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Mental health services in the UK National Health Service have evolved to include primary-care generalist, secondary-care generalist and secondary-care specialist services. We argue that there continues to be an important role for the secondary-care generalists as they minimise interfaces, can live with diagnostic uncertainty and support continuity of care. The lack of commissioning and clinical boundaries in secondary-care generalist services can undermine their feasibility, leading to difficulties recruiting and retaining staff. There is a risk of a polo-mint service, where the specialist services on the edge are well resourced, but the secondary-care generalist services taking the greatest burden struggle to recruit and retain clinicians. We need to establish equity in resources and expectations between generalist and specialist mental health services.
Despite global deterioration of coral reef health, not all reef-associated organisms are in decline. Bioeroding sponges are thought to be largely resistant to the factors that stress and kill corals, and are increasing in abundance on many reefs. However, there is a paucity of information on how environmental factors influence spatial variation in the distribution of these sponges, and how they might be affected by different stressors. We aimed to identify the factors that explained differences in bioeroding sponge abundance and assemblage composition, and to determine whether bioeroding sponges benefit from the same environmental conditions that can contribute towards coral mortality. Abundance surveys were conducted in the Wakatobi region of Indonesia on reefs characterized by different biotic and abiotic conditions. Bioeroding sponges occupied an average of 8.9% of available dead substrate and variation in abundance and assemblage composition was primarily attributed to differences in the availability of dead substrate. Our results imply that if dead substrate availability increases as a consequence of coral mortality, bioeroding sponge abundance is also likely to increase. However, bioeroding sponge abundance was lowest on a sedimented reef, despite abundant dead substrate. This suggests that not all forms of coral mortality will benefit all bioeroding sponge species, and sediment-degraded reefs are likely to be dominated by a few resilient bioeroding sponge species. Overall, we demonstrate the importance of understanding the drivers of bioeroding sponge abundance and assemblage composition in order to predict possible impacts of different stressors on reefs communities.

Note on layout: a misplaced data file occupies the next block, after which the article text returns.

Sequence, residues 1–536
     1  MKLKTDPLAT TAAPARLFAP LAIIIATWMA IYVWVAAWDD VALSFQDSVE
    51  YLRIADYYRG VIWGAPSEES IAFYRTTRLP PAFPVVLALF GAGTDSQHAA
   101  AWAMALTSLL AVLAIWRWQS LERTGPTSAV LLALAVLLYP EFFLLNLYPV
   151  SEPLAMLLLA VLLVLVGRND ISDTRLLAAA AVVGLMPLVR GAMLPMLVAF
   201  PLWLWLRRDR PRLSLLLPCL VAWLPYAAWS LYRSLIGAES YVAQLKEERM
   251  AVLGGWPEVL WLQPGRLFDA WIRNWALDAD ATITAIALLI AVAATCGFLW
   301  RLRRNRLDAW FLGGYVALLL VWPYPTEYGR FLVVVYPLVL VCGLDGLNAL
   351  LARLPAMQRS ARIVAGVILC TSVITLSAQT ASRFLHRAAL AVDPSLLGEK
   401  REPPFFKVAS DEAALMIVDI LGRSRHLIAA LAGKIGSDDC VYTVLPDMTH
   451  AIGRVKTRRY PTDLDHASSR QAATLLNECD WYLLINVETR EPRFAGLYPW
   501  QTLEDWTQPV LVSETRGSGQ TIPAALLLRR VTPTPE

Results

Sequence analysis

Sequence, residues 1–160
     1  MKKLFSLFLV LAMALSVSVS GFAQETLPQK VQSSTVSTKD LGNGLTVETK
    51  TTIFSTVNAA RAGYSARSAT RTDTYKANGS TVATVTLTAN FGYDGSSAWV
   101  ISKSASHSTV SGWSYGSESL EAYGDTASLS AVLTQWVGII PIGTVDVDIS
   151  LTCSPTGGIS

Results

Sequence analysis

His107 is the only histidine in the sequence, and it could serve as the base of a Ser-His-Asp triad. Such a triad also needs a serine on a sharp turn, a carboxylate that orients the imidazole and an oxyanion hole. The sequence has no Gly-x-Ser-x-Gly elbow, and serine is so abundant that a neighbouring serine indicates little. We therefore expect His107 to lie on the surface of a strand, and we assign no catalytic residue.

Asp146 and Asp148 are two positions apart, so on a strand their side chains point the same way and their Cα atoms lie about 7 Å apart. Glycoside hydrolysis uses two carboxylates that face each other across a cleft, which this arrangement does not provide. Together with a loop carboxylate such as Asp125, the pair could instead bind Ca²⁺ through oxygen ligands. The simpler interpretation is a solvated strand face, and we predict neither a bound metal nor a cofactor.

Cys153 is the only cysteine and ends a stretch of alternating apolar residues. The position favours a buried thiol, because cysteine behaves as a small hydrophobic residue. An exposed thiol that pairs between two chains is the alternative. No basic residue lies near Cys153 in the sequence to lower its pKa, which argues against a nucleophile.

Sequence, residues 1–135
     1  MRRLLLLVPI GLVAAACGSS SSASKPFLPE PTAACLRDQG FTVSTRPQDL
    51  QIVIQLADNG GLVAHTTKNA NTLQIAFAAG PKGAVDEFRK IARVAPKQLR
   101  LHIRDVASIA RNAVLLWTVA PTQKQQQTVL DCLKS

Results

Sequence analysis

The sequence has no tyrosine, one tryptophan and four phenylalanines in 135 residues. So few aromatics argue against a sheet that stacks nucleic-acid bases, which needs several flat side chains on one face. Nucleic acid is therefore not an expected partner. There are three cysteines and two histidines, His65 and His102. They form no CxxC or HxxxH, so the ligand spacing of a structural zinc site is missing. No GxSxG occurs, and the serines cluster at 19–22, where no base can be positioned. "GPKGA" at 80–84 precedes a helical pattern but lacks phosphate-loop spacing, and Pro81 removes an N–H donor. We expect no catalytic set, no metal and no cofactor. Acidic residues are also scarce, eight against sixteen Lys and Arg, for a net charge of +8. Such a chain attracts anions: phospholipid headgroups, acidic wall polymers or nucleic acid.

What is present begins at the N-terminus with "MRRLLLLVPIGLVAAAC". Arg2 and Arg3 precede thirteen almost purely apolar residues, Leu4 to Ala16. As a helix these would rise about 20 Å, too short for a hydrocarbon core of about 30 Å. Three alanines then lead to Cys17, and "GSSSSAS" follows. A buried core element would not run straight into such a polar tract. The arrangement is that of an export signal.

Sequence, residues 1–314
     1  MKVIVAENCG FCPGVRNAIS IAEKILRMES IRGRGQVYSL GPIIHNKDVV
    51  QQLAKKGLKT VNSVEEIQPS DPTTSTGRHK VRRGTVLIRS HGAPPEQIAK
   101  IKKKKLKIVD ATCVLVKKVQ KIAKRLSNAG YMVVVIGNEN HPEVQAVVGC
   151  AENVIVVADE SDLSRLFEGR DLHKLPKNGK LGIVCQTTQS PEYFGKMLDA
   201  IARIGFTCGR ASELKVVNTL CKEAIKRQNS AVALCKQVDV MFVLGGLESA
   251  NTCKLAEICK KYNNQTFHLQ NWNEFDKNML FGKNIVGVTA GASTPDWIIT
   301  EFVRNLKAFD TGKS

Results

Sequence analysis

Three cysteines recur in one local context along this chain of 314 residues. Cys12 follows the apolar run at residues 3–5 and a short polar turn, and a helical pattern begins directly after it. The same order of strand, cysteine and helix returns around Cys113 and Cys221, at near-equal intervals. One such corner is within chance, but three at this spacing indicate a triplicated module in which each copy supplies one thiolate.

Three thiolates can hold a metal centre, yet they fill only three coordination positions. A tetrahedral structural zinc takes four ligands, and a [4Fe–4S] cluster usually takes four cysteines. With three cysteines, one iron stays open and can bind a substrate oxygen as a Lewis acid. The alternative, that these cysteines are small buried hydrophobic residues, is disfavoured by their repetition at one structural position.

The runtime for a modern, concurrent, garbage collected language like Java or Haskell is like an operating system: sophisticated, complex, performant, but alas very hard to change. If more of the runtime system were in the high-level language, it would be far more modular and malleable. In this paper, we describe a novel concurrency substrate design for the Glasgow Haskell Compiler that allows multicore schedulers for concurrent and parallel Haskell programs to be safely and modularly described as libraries in Haskell. The approach relies on abstracting the interface to the user-implemented schedulers through scheduler activations, together with the use of Software Transactional Memory to promote safety in a multicore context.
Higher-order languages that encourage currying are typically implemented using one of two basic evaluation models: push/enter or eval/apply. Implementors use their intuition and qualitative judgements to choose one model or the other. Our goal in this paper is to provide, for the first time, a more substantial basis for this choice, based on our qualitative and quantitative experience of implementing both models in a state-of-the-art compiler for Haskell. Our conclusion is simple, and contradicts our initial intuition: compiled implementations should use eval/apply.
Server applications, and in particular network-based server applications, place a unique
combination of demands on a programming language: lightweight concurrency, high I/O
throughput, and fault tolerance are all important. This paper describes a prototype web
server written in Concurrent Haskell (with extensions), and presents two useful results: firstly,
a conforming server could be written with minimal effort, leading to an implementation in
less than 1500 lines of code, and secondly the naive implementation produced reasonable
performance. Furthermore, making minor modifications to a few time-critical components
improved performance to a level acceptable for anything but the most heavily loaded web
Higher-order languages such as Haskell encourage the programmer to build abstractions by
composing functions. A good compiler must inline many of these calls to recover an efficiently
executable program. In principle, inlining is dead simple: just replace the call of a function by
an instance of its body. But any compiler-writer will tell you that inlining is a black art, full
of delicate compromises that work together to give good performance without unnecessary
code bloat. The purpose of this paper is, therefore, to articulate the key lessons we learned
from a full-scale “production” inliner, the one used in the Glasgow Haskell compiler. We
focus mainly on the algorithmic aspects, but we also provide some indicative measurements
to substantiate the importance of various aspects of the inliner.
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